photographers which have seen their work framed on walls. I've played
many games which are simply a testament to artistic ability, so I fail
to see your logic here.

You said video games were simulations, not unlike those simulations
used in preparations for war. I'll have to say, Senator ... I've seen
the simulations that we've used to prepare for war and they would make
horrible video games. I also wonder what it is about a simulation
that you feel makes it devoid of art? Is not any still life a
simulation? Is there not a multitude of art which attempts to
simulate life?

What appears to be taking place is that you've decided to accept the
misinformed opinion that video games are little but training materials
for violent behavior. On your website you quote a study which says
that children who play video games may act out more in school. I've
read that study, Senator, and I find it interesting that you leave out
the section which says that there is no indication that video games
could be determined to be a deciding factor. I suppose politics
in this country has come to the point where a careful selection of
details passes as truth ... but I assure that it's still isn't true
for the rest of us.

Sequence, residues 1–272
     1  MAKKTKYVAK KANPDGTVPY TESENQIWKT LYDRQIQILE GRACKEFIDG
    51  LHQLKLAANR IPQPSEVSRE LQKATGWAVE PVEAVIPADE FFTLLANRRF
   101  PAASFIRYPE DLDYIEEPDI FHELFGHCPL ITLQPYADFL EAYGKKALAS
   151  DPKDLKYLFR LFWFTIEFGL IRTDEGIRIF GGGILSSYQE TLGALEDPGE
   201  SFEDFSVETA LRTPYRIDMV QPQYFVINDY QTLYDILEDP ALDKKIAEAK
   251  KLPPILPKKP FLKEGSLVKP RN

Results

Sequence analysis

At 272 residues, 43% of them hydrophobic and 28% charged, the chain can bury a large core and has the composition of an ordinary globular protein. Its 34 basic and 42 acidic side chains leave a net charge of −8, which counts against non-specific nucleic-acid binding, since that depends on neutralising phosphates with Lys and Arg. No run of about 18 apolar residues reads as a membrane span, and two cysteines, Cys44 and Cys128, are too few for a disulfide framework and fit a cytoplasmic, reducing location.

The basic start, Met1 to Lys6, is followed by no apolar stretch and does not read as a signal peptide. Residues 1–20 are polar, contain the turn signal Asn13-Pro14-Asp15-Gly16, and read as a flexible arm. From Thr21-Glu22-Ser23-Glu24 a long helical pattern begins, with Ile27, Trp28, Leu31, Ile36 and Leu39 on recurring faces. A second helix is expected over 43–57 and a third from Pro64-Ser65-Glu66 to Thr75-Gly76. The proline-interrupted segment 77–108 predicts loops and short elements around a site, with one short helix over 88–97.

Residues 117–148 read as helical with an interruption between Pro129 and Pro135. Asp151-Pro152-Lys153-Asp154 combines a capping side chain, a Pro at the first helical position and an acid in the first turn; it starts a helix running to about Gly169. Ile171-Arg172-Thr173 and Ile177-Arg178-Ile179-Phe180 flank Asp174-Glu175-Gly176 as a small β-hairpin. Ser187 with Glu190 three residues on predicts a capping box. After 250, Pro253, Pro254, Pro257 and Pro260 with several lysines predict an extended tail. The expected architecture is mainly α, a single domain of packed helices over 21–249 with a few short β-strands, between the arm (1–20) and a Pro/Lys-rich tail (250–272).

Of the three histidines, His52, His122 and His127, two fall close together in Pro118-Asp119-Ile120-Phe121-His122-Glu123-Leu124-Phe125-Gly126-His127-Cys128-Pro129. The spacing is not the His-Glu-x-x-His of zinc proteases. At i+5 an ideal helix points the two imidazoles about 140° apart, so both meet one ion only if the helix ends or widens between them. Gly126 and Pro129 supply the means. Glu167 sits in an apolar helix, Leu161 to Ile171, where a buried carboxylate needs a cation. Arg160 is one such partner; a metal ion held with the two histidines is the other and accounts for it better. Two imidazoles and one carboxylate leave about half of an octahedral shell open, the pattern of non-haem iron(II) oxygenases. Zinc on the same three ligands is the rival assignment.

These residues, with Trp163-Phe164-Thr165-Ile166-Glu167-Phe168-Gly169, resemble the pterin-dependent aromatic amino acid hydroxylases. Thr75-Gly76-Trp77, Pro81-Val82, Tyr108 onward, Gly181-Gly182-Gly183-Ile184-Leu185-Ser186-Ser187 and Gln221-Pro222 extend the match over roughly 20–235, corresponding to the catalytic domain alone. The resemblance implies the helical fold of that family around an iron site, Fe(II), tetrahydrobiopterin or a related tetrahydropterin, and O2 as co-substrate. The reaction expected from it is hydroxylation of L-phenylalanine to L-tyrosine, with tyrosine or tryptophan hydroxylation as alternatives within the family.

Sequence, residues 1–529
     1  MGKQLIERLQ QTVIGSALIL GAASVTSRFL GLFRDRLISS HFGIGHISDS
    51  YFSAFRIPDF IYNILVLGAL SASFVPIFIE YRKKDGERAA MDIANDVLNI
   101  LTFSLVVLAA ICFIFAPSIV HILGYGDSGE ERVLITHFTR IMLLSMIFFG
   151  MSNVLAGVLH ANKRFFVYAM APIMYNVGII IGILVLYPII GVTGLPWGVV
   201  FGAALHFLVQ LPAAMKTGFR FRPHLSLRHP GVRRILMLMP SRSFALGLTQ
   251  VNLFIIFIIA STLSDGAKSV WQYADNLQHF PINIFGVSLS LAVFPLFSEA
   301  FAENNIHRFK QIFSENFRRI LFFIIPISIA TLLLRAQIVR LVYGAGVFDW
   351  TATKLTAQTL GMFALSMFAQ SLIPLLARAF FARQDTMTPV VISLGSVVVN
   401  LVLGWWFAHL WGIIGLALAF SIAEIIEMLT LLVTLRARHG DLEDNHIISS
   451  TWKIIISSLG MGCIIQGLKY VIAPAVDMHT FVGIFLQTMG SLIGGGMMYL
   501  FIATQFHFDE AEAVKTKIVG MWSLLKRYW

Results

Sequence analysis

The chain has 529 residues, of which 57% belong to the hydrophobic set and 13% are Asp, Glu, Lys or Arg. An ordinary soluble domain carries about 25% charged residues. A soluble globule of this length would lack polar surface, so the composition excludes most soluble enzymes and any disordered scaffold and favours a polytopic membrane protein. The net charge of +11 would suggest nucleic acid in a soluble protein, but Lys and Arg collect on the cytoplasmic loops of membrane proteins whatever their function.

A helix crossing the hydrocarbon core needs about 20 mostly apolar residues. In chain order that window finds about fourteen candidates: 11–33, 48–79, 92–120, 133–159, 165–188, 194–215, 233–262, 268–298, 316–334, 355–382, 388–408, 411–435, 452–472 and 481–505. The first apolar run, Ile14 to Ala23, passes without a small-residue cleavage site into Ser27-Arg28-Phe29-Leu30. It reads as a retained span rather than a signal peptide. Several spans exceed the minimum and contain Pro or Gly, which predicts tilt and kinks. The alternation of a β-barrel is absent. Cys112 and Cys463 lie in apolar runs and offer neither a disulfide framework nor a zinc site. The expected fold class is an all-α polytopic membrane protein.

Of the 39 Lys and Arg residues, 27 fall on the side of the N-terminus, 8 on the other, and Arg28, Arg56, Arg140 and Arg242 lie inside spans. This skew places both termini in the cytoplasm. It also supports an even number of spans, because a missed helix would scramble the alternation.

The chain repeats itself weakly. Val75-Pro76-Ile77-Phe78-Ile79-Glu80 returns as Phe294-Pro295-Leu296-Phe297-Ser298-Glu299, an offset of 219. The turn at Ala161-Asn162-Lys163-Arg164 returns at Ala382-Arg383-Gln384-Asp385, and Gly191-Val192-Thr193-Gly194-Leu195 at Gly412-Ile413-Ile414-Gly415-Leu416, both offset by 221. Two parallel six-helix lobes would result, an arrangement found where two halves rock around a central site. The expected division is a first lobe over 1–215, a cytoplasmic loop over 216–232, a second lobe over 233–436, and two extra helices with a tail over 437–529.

Instead of worrying about the real factors of cultural violence - like
drug addiction and poverty - you and your cohorts have chosen a
scapegoat. Unfortunately, your words frame this action for what it is
- an attack on the freedom of speech in new and emergent media.
Perhaps this media is evolving quickly and needs to be studied and
discussed - but you cannot simply declare that it is not an expression
of speech when it so surely is.

I've just read the latest amendment to this bill. I also find it
interesting that our last line of defense will be the underpaid clerk.
Is that realistic? Why is a retail clerk more responsible for the
actions of a child than the parent who should be standing next to the
child? What precisely is the social blight you are trying to fix
here? That retail clerks do not take enough responsibility for
another person's child? Because they are in line for a $1,000 fine
... while the parent gets away for free. Now our culture has decided
that not only will television raise our child, but Blockbuster will be
our babysitter.

Are stories not a form of art you are familiar with? Well, let me
tell you another story. This is a story of the new communication. It
begins with me sending you this email and then forwarding it onward to
several of my friends. I will inform them of you and the Illinois
Democratic Party's view on free speech and how you care to define
them. I will keep this information posted on my website for other
people to reference. They will continue to pass that along to those
they see fit.

The story will end on election day, Senator. I will be thinking of
you, the Governor, and your friends on that day. Of course, you get
to take part in this story. How you view new media and it's rights of
free speech and protection under the law can help determine the

Think of it as an interactive tale.

Good day,

Joshua Birk


The bill itself on

1 comment:

A. LaMosca said...

That's an excellent letter on an important issue. I'll be emailing the senator as well. Thanks for the heads-up.